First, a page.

quite made it to the very top of the leading-lady list although she is well
liked and has been seen in many interesting pictures – unfortunately more of
the cult-film variety than box-office smashes. (e.g., Coppola’s "Cotton
Club”, which was a high luster flop).

Speaking of good-looking talented actors who who were well-liked and
radiated integrity but never quite made it to tip-top stardom, today’s
Italian papers were full of lauditory obituaries for Canadian born Hollywood
leading man, Glenn Ford, who died at ninety, one of the very last of the
Golden Age stars. Two others still kicking are Kirk Douglas and Richard
Widmark. Kirk will be 9O in December and Widmark is 92. Ford whose most
famous role was in the classic 1946 film noir „Gilda” opposite Rita
Hayworth, and who was also memorable as the harried school teacher in
„Blackboard Jungle”, had the misfortune of working in the shadow of larger
than life screen icons such as Jimmy Stewart and Cary Grant, but, above all,
his chief rival for top stardom and throbbing hearts was William Holden.

Which brings us to "Infamous". Who would have thought there would be room
for two biopics about the same character, Truman Capote, in the space of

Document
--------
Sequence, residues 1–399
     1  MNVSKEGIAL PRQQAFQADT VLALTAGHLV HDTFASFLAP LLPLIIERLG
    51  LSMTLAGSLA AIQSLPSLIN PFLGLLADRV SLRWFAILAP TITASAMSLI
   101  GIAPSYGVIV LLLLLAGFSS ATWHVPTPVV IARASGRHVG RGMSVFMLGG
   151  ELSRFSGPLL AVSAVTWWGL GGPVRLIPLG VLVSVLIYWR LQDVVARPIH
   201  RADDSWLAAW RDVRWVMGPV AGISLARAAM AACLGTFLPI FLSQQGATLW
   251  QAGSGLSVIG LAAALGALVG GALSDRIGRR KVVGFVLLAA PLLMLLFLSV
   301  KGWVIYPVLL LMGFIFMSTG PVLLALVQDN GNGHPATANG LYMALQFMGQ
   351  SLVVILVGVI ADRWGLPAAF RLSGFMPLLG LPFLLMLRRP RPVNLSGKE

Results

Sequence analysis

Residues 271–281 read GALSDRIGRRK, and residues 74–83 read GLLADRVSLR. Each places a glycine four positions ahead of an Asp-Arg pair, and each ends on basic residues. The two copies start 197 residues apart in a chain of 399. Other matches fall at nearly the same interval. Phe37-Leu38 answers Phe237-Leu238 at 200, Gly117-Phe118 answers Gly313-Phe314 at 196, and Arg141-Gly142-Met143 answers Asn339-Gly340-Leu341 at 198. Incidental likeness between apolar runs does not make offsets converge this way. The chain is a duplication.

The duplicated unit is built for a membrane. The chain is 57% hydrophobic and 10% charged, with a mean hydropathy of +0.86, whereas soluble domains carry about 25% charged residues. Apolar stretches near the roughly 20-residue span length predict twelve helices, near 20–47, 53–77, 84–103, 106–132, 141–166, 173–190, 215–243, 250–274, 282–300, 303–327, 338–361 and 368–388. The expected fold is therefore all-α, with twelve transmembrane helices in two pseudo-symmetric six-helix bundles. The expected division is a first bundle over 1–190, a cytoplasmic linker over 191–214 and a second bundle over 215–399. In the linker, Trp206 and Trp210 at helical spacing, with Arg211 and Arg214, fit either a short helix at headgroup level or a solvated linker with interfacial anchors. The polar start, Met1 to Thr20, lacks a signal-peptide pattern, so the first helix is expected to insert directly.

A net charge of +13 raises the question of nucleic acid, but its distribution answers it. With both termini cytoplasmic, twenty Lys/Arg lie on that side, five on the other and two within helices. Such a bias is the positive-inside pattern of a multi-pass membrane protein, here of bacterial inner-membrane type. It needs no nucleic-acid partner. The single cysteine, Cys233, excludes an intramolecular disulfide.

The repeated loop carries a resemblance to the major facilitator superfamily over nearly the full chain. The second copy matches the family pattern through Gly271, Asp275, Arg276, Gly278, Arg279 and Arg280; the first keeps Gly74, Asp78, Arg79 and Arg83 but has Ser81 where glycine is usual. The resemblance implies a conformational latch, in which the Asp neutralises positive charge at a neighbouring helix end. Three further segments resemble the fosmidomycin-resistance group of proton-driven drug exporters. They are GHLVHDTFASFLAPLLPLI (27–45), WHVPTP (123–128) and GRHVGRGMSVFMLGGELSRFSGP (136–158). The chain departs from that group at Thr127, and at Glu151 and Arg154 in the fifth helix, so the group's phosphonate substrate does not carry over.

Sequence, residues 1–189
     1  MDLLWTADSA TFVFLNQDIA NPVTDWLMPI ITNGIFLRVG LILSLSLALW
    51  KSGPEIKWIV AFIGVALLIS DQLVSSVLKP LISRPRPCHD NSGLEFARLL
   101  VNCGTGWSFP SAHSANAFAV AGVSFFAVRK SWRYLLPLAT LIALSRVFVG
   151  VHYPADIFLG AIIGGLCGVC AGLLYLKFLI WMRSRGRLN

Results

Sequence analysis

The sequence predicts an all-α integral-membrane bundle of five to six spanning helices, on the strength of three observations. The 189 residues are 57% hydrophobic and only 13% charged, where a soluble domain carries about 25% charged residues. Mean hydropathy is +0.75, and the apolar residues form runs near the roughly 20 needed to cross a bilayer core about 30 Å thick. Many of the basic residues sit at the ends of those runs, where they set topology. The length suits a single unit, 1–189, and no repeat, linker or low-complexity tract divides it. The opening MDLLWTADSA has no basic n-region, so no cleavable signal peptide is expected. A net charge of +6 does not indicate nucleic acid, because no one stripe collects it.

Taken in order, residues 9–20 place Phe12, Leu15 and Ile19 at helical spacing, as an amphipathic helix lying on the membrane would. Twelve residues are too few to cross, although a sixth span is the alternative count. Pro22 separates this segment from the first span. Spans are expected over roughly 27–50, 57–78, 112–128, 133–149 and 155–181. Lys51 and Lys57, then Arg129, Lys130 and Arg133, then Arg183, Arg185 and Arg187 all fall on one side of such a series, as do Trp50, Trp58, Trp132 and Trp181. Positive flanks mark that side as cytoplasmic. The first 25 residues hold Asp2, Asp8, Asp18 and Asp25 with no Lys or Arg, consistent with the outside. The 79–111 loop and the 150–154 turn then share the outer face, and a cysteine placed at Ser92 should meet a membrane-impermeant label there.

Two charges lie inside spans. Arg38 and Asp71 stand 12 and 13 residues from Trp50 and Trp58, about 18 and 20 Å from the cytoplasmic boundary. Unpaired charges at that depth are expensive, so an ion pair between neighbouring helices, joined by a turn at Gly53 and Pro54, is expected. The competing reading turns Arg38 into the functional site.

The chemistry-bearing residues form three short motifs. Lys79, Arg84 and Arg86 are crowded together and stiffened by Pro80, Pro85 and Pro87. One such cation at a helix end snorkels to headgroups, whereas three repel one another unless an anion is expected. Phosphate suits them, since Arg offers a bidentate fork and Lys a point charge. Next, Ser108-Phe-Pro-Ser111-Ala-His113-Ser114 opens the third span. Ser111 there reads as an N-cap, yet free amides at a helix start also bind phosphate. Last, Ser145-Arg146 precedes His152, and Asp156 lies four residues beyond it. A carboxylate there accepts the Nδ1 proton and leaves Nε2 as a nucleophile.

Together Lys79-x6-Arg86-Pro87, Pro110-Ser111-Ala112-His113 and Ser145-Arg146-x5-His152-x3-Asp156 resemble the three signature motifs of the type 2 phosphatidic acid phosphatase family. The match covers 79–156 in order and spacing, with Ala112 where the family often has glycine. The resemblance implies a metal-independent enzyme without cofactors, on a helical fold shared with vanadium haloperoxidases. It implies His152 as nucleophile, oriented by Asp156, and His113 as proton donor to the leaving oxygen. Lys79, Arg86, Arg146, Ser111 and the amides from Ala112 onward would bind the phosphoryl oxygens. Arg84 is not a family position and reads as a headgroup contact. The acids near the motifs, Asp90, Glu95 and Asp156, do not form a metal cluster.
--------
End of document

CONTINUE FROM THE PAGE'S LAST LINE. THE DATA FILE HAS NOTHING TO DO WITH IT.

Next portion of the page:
half a year! -- especially when both films cover the same identical ground,
from the moment that the gay writer learns of the brutal, senseless murder
of an entire prairie family in Kansas, decides to write a book about it ("In
Cold Blood", which became a best seller), falls in love with one of the
killers he is interviewing, and is so distraught by the eventual execution
of the central character of his book that he is no longer able to write
anything of note and goes into a terminal alcoholic tailspin himself.

With "Infamous" (a most appropriate title) director Douglas McGrath not only
demonstrates that the subject is rich enough for a second treatment, but in
this writer’s view, improves considerably on the earlier film "Capote”
which, though it won the Oscar for Philip Seymour Hoffman in March, left me
with an empty feeling when I saw it in Berlin. Granted that Hoffman’s Oscar
was well earned, but the Dan Futterman screenplay was eerily off key, Bennet
Miller’s direction was a bit too clever, and worst of all, actress Catherine
Keener’s Harper Lee was like a loud screech from a different flick. It was
clear from the story that Truman was in love with killer Perry, but Miller